McAULEY AWARDS are available ranging from $1,000 to $5,000 per academic year. The McAuley Award is offered to students who demonstrate records of leadership, volunteerism and participation in extracurricular activities. A McAuley Award application is available as part of the online application for admission. An application can also be obtained by contacting the Admissions Office at (866) 262-6363.
Diagnostic Medical Sonography
Both professions require individuals to be properly educated, detail oriented, and have a desire to work in a direct patient care field. Each of the two fields produce diagnostic images that are interpreted by a qualified physician to assist the patient in acquiring an accurate diagnosis.
Diagnostic radiographic images, Computed Tomography, Mammography, Cardiac Catheterization, Special Procedures and Bone Densitometry images are produced utilizing ionizing radiation. The images may evaluate bony anatomy and/or internal organs.
Magnetic Resonance Imaging utilizes a magnetic field and radiofrequency pulses to produce diagnostic images.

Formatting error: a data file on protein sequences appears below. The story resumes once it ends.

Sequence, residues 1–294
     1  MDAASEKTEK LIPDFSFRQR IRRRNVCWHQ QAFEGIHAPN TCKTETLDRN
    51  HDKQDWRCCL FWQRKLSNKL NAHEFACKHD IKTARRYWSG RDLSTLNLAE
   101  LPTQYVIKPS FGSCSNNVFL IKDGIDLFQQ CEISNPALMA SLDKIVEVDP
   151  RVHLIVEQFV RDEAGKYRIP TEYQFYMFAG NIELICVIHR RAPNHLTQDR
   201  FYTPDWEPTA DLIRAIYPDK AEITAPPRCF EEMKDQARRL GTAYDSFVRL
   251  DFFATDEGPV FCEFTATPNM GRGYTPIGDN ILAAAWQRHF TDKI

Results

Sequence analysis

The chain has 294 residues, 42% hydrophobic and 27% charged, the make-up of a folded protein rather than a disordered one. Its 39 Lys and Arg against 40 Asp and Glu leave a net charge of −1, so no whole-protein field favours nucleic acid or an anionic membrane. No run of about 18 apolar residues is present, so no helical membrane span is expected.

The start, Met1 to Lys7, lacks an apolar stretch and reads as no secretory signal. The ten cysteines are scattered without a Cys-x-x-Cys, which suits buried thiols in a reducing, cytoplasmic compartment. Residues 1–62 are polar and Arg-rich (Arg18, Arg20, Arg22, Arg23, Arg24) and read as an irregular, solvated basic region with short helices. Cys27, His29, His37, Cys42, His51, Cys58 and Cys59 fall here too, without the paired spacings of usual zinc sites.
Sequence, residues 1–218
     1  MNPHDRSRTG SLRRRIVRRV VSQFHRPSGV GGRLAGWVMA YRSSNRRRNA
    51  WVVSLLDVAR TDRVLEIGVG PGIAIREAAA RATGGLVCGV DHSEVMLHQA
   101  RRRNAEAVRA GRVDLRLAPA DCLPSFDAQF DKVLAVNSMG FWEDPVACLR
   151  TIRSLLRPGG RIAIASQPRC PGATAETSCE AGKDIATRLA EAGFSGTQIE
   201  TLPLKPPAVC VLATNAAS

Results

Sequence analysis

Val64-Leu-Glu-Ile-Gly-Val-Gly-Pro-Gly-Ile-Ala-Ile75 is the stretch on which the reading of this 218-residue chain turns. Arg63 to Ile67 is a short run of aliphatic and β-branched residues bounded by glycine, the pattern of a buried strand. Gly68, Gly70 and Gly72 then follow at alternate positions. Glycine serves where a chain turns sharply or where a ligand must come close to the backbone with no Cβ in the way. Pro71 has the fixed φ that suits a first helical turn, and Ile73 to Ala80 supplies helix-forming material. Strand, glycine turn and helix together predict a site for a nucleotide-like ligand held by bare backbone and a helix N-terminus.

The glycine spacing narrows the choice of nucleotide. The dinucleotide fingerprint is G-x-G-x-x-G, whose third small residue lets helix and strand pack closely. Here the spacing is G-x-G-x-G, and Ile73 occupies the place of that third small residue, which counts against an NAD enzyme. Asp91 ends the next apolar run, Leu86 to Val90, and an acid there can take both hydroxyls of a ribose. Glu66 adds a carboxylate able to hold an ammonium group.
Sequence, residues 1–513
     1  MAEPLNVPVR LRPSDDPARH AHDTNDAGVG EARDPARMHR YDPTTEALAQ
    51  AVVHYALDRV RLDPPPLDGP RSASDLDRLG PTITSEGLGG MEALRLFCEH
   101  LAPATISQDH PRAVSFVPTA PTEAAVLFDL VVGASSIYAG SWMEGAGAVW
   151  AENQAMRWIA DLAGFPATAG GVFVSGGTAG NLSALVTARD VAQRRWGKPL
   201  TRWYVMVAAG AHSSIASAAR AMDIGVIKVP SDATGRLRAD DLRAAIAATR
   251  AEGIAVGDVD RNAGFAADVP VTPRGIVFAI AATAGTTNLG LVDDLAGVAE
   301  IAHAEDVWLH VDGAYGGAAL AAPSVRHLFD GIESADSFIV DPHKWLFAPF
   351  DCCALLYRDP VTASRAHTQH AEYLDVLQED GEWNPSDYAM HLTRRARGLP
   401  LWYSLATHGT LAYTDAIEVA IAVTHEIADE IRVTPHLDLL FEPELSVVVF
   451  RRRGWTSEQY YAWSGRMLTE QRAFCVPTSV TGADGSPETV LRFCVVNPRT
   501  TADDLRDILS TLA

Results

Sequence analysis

Radiation Therapy employs radiation to treat malignancies of many parts of the body.
Radiographers and individuals credentialed in specialty areas are responsible for acquiring quality images or administering treatment with great attention to radiation protection practices for the patient and the public.
Sonography images from the unborn to the geriatric; head to toe using high frequency soundwaves to produce images of internal anatomical structures.
Sonographers are responsible for performing the examination, optimizing image quality, assessing the image, and generating a worksheet to describe the examination findings to assist the interpreting physician in making the final diagnosis and report.
Computed Tomography (CT)
Medical Imaging professionals have many employment opportunities that include:
Sonography specialties and areas in which sonographers can be employed include, but not limited to:
Professional Societies/National Credentialing Organization
ASRT – www.asrt.org
ARRT – www.arrt.org
Program Accreditation Information
Joint Review Committee on Education in Radiologic Technology (JRCERT)
Commission on Accreditation of Allied Health Education Programs (CAAHEP) through the Joint Review Committee on Education in Diagnostic Medical Sonography (JRCDMS)